While I will always admire McCain for the unbelievable courage and fortitude during his five and a half years as a prisoner of war, my relationship with him deteriorated during the time he served in the Senate. In early 1986, shortly after I left the Pentagon and was working for Raytheon, one of his staffers called the company and complained about how I was part of a group of former members of several national-security agencies that was proposing sensible reductions to the defense budget that would cushion the blow of the first sequester, which had been recently passed by the Congress (our proposed reductions were actually less than the Reagan administration eventually accepted). As a result of his call and those of two Navy assistant secretaries, Raytheon fired me.
Several months later, when I brought this incident up to him during a hearing before the Senate Armed Services Committee on how to reduce defense spending responsibility, McCain publicly and fiercely, in a very vindictive manner, accused me of character assassination. However, as a result of the efforts of Georgia Sen. Sam Nunn, the former chairman of the committee, and with the acquiesce of McCain, the staffer eventually sent me an apology letter.
My next significant encounter with McCain came in 1993 when I testified in support of President Clinton’s proposal to drop the ban on gays in the military. During the hearing, which lasted six hours, McCain, who was upset with my position (my military and Pentagon background apparently gave me credibility on the issue), called me disingenuous. Shortly thereafter, when one of his staffers ran into my daughter, who was then working in the office of the Senate’s Legislative Council said, “You’re not related to him, are you?”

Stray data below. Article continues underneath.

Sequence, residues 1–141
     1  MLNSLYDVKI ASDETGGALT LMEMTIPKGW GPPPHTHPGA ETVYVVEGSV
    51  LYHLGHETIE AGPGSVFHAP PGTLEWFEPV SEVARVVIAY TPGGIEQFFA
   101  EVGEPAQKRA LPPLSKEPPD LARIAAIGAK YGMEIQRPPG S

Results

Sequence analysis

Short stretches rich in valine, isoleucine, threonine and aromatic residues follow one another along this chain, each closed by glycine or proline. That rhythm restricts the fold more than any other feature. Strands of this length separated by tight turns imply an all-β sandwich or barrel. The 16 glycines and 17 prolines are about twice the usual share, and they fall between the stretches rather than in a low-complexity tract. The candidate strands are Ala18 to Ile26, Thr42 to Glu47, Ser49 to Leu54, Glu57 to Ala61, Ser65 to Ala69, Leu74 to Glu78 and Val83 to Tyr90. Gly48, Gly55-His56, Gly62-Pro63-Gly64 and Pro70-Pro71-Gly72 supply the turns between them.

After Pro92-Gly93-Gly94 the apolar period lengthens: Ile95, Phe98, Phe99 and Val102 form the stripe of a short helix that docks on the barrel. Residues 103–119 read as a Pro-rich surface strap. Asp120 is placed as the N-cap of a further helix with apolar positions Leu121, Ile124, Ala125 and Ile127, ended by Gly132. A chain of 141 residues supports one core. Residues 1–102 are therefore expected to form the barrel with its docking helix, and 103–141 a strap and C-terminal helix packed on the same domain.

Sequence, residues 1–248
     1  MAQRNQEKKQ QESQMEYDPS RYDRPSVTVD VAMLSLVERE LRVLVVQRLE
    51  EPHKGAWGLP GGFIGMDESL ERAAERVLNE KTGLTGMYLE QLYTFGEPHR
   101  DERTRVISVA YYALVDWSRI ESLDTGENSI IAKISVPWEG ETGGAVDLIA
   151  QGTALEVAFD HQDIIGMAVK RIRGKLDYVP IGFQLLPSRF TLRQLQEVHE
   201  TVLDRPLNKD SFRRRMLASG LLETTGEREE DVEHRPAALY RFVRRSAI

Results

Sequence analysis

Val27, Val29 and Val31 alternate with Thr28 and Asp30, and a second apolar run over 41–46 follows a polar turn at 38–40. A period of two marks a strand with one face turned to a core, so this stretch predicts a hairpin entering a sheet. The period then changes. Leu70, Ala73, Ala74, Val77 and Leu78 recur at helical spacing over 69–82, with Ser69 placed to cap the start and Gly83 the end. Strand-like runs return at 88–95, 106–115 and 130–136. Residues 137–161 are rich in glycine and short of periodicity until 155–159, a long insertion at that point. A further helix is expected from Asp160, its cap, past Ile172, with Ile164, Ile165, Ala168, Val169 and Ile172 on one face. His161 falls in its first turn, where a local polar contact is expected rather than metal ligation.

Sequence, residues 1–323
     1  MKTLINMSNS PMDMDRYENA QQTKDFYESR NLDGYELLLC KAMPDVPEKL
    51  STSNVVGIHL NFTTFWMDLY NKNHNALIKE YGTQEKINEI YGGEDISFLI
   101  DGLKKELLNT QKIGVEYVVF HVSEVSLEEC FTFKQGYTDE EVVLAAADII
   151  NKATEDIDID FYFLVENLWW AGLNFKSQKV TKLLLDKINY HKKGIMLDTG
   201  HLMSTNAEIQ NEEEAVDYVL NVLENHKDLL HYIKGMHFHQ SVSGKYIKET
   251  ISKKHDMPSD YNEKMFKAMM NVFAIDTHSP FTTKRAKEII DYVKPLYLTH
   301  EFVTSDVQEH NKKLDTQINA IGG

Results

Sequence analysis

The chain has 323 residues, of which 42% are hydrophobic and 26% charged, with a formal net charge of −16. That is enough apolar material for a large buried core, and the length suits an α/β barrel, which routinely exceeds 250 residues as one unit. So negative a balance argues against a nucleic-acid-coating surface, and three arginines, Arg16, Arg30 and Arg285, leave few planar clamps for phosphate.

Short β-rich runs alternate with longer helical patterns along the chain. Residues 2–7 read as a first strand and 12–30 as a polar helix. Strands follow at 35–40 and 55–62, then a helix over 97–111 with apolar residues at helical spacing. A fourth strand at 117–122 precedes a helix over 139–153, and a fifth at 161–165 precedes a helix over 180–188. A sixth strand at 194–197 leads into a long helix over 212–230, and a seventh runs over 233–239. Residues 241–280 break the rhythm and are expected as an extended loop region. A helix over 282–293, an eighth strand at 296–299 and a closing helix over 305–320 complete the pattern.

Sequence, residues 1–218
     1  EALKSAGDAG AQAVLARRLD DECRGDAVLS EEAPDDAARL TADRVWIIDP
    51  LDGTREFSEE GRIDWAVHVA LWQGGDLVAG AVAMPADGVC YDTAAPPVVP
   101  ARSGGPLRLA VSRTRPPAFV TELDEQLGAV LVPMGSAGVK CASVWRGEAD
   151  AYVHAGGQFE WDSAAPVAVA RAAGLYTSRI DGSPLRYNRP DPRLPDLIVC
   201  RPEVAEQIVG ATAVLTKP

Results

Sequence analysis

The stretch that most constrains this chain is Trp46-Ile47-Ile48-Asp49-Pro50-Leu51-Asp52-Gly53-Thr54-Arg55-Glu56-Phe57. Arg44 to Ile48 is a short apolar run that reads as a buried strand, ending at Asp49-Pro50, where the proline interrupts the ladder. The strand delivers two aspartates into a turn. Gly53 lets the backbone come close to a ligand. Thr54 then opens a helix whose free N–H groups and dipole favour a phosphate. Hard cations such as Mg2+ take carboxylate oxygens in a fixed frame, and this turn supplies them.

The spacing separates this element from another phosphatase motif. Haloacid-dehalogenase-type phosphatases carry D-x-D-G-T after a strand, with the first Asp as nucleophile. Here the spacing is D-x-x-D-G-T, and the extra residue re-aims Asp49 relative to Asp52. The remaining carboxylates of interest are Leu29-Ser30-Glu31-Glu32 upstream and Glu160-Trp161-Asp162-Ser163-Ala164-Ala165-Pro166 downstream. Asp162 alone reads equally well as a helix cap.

Since that contentious hearing, McCain and I have disagreed over issues ranging from the war in Iraq to appropriate levels of defense spending in several congressional hearings—but never with the same level of intensity as occurred in the 1980s and 1990s.
Even though I supported George H. W. Bush and Bob Dole for president I could not support George W. Bush in 2000 and was glad when McCain and his Straight Talk Express entered the race. I had met W. when I worked in his father’s campaign and did not believe he was up to the job, nor did I approve of how he worked the system to avoid going to Vietnam. Moreover, what the Bush people did to McCain in the South Carolina primary—that is, claiming the young girl who the McCain’s adopted from Bangladesh was an illegitimate child fostered by McCain out of wedlock—that reinforced my concerns about Bush. McCain, however, did throw his support to W. in the 2000 election, and indeed invited him to deliver a eulogy at his funeral.
Having worked in the Obama campaign, my admiration for McCain was rekindled when I saw how he handled the question raised at a town hall meeting about then-candidate Obama not being a U.S. citizen. It was completely restored in January 2017 when I testified before the Senate Armed Services Committee on the proposed fiscal year 2018 defense budget. After the hearing—in which I expressed several concerns about the size and distribution of the budget—Senator McCain, the chair of the committee, approached me and told me how much he respected me for standing up for what I believed in over the years, regardless of the consequences. Coming from someone who was never afraid to stand up for what he believed in, this is something that I will always value.
That encounter is something I will never forget.
Naval aviator, captain, congressman, senator, war hero, and great American John McCain, rest in peace. You have made America great.
Dr. Lawrence J. Korb is a senior fellow at the Center for American Progress, and served as assistant secretary of defense from 1981 through 1985.